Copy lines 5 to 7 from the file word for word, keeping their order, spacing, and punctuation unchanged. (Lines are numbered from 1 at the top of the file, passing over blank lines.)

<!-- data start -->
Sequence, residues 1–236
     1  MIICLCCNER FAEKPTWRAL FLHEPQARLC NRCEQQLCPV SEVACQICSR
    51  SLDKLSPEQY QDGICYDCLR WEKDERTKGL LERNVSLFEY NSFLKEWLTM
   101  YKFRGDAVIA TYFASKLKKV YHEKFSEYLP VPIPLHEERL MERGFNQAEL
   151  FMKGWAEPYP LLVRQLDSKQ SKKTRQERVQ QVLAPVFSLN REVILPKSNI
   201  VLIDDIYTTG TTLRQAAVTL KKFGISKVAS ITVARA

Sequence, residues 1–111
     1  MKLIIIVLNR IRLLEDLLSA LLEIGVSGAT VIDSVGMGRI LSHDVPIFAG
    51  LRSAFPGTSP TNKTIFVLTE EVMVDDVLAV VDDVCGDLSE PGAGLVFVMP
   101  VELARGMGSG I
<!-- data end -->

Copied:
   151  FMKGWAEPYP LLVRQLDSKQ SKKTRQERVQ QVLAPVFSLN REVILPKSNI
   201  VLIDDIYTTG TTLRQAAVTL KKFGISKVAS ITVARA

Sequence, residues 1–111